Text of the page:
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Margaret Fuller, Memoirs of Margaret Fuller Ossoli (ed. W. H. Channing) 138 0 Browse Search
Frank Preston Stearns, Cambridge Sketches 38 0 Browse Search
George Bancroft, History of the United States from the Discovery of the American Continent, Vol. 10 34 0 Browse Search
Jula Ward Howe, Reminiscences: 1819-1899 30 0 Browse Search
James Parton, Horace Greeley, T. W. Higginson, J. S. C. Abbott, E. M. Hoppin, William Winter, Theodore Tilton, Fanny Fern, Grace Greenwood, Mrs. E. C. Stanton, Women of the age; being natives of the lives and deeds of the most prominent women of the present gentlemen 22 0 Browse Search
James Russell Lowell, Among my books 20 0 Browse Search
Cambridge History of American Literature: volume 3 (ed. Trent, William Peterfield, 1862-1939., Erskine, John, 1879-1951., Sherman, Stuart Pratt, 1881-1926., Van Doren, Carl, 1885-1950.) 18 0 Browse Search
Lydia Maria Child, Letters of Lydia Maria Child (ed. John Greenleaf Whittier, Wendell Phillips, Harriet Winslow Sewall) 18 0 Browse Search
Thomas Wentworth Higginson, Atlantic Essays 16 0 Browse Search
Matthew Arnold, Civilization in the United States: First and Last Impressions of America. 14 0 Browse Search
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Browsing named entities in Wendell Phillips, Theodore C. Pease, Speeches, Lectures and Letters of Wendell Phillips: Volume 2. You can also browse the collection for Goethe or search for Goethe in all documents.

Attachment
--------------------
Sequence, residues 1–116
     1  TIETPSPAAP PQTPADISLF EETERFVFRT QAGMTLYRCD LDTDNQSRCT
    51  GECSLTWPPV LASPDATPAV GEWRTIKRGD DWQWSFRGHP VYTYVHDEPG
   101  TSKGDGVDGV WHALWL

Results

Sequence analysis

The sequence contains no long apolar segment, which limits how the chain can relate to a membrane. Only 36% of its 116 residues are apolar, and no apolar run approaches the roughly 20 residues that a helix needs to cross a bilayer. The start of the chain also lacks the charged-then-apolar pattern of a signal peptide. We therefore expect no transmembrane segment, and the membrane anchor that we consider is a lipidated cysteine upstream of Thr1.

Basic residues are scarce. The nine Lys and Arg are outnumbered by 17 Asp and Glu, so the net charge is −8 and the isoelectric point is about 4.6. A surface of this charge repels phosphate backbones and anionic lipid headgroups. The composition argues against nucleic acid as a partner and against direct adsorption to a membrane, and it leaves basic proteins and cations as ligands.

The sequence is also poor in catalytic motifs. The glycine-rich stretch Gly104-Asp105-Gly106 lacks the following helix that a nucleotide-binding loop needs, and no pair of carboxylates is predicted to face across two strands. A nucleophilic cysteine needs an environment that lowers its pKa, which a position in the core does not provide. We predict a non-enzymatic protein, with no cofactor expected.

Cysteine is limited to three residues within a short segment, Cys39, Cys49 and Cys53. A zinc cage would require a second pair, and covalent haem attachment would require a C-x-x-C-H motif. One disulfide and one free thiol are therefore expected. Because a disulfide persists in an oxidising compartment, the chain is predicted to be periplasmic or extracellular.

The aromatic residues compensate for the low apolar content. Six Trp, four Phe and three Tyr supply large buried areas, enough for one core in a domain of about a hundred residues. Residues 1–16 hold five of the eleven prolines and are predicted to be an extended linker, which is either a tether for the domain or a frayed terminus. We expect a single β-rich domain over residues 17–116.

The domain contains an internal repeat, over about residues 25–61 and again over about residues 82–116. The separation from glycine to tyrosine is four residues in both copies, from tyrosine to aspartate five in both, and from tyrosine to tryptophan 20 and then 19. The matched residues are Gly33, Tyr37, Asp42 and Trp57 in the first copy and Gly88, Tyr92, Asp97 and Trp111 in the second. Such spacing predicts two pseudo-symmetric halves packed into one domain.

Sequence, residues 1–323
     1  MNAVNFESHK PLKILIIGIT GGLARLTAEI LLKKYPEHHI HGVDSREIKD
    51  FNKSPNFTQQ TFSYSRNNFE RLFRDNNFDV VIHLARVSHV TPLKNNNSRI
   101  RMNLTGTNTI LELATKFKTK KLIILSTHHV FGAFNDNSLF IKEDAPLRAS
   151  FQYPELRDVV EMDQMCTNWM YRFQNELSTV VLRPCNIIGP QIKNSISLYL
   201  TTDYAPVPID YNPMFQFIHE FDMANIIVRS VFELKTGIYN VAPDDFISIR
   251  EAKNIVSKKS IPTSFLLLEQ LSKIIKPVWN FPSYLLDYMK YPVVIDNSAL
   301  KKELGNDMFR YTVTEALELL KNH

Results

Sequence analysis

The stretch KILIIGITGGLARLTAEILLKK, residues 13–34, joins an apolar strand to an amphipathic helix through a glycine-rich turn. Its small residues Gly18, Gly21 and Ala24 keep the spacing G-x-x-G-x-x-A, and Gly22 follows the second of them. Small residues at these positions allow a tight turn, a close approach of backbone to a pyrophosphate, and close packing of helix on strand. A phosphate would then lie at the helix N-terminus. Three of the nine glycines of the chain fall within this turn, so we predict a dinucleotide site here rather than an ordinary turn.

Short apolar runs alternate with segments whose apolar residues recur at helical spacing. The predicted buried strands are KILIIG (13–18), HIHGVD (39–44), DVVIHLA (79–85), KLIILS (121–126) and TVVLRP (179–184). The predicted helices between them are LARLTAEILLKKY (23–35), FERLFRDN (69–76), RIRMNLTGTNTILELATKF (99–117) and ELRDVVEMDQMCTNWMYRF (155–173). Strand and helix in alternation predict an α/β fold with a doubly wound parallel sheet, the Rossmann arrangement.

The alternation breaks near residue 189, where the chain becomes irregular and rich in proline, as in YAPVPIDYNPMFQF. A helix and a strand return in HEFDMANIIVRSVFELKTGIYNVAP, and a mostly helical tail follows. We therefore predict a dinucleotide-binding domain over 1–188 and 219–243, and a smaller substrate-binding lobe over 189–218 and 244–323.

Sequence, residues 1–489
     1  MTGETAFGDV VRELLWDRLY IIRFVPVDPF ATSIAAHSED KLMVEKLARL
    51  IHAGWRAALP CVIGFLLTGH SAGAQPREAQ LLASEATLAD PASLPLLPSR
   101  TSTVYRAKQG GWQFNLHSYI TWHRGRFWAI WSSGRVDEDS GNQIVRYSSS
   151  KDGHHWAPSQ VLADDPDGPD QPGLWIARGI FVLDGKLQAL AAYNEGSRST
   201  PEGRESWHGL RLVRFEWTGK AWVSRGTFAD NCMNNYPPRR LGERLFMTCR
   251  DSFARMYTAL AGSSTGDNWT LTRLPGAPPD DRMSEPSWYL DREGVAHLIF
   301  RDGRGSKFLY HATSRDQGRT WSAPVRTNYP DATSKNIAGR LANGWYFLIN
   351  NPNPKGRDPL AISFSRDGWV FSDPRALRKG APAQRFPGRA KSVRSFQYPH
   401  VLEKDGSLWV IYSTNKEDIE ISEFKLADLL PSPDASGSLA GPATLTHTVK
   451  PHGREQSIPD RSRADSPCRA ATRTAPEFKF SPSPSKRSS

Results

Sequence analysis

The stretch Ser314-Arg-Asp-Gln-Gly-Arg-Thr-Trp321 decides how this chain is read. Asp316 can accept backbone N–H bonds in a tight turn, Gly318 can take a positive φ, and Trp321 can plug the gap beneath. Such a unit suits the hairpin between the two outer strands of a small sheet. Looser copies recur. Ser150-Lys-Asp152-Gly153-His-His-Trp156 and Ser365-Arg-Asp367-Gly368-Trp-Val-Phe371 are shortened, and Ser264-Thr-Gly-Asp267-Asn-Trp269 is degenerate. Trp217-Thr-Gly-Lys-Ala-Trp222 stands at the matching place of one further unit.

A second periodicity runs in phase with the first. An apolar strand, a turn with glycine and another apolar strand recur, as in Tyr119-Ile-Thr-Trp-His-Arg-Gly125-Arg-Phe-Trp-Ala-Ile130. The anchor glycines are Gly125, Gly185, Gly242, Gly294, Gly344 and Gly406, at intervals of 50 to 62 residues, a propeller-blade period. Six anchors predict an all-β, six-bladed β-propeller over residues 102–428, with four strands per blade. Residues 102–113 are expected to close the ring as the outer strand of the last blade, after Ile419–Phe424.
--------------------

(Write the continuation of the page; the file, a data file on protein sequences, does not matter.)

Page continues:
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Wendell Phillips, Theodore C. Pease, Speeches, Lectures and Letters of Wendell Phillips: Volume 2, Christianity a battle, not a dream (1869). (search)
to tell the human race the secret by which it could lift itself to a higher plane of moral and intellectual existence. I have weighed Christianity as the great and vital and elemental force which underlies Europe,--to which we are indebted for European civilization. I have endeavored to measure its strength, to estimate its permanence, to analyze its elements; and if they ever came from the unassisted brain of one uneducated Jew, while Shakspeare is admirable, and Plato is admirable, and Goethe is admirable, this Jewish boy takes a higher level; he is marvellous, wonderful; he is in himself a miracle. The miracles he wrought are nothing to the miracle he was, if at that era and that condition of the world he invented Christianity. Whately says, To disbelieve is to believe. I cannot be so credulous as to believe that any mere man invented Christianity. Until you show me some loving heart that has felt more profoundly, some strong brain that, even with the aid of his example, has
Wendell Phillips, Theodore C. Pease, Speeches, Lectures and Letters of Wendell Phillips: Volume 2, The scholar in a republic (1881). (search)
of serene faith in the safety of trusting truth wholly to her own defence. For other men we walk backward, and throw over their memories the mantle of charity and excuse, saying reverently, Remember the temptation and the age. But Vane's ermine has no stain; no act of his needs explanation or apology; and in thought he stands abreast of our age,--like pure intellect, belongs to all time. Carlyle said, in years when his words were worth heeding, Young men, close your Byron, and open your Goethe. If my counsel had weight in these halls, I should say, Young men, close your John Winthrop and Washington, your Jefferson and Webster, and open Sir Harry Vane. The generation that knew Vane gave to our Alma Mater for a seal the simple pledge,--Veritas. But the narrowness and poverty of colonial life soon starved out this element. Harvard was rededicated Christo et Ecclesiae; and up to the middle of the last century, free thought in religion meant Charles Chauncy and the Brattle-Street